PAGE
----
Success also comes from the many CAC parents who volunteer whenever they are able and the tremendous support from the community at large, she said.
At its peak, the school has had as many as 175 students enrolled. Matson said the opening of other Christian schools in the region has affected her enrollment, which used to pull in families from all of the surrounding counties, and from Oldham, in Kentucky. A sister school recently opened in Madison, Ind., which has attracted students from that city and Milton, Ky., that once attended here, she said.
This year, CAC has 103 students, and the academy offers classes starting with 4-year-old kindergarten through 12th grade.
Matson said she’s hoping the enrollment will grow again, particularly now that the school can offer a variety of athletic programs. Students participate in basketball, volleyball and tennis and also have an opportunity to participate in cross country and track, she said.
Next year, CAC is adding an archery program.
A life’s mission
Matson said she had always wanted to be a missionary, and thought she would travel to exotic locations to do God’s work. A few years ago, though, she said she realized building this school had been her mission all along.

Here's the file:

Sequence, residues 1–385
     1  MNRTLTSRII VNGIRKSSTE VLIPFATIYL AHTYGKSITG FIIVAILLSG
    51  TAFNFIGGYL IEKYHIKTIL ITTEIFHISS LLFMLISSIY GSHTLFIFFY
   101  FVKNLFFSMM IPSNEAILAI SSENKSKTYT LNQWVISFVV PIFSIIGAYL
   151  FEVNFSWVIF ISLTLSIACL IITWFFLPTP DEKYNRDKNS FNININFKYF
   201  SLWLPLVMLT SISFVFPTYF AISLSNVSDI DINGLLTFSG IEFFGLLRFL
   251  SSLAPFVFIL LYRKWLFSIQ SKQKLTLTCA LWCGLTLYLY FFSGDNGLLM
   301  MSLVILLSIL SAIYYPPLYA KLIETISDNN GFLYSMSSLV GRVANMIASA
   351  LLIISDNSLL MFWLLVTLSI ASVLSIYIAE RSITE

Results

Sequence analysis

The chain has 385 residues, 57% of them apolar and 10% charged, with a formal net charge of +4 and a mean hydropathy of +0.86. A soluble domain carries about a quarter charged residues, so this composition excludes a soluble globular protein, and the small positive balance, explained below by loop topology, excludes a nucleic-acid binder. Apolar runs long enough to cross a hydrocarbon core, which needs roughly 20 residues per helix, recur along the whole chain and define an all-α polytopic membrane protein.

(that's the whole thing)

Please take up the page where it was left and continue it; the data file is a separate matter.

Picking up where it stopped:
“There is nothing that has humbled me so much as this school – seeing how the Lord works through it. It’s been amazing,” she said. “I had never dreamed I would homeschool my son, but it prepared me to know how to do the curriculum here. I believe God prepares us as we go along, as we follow his leading. …
“He gives us such strength and comfort when you need him. … When you’ve experienced it over and over and over, it’s a fantastic journey.”
Christian Academy of Carrollton is hosting a 25th anniversary celebration on Friday, April 25. The public is invited to an open house from 2-5 p.m. at the school, as well as a 7 p.m. program in the gymnasium featuring performances by local vocalists. “We want to share how the school started and how the Lord has sustained us and helped us to grow,” said Principal Katie Matson.
For more information, call CAC at (502) 732-4734.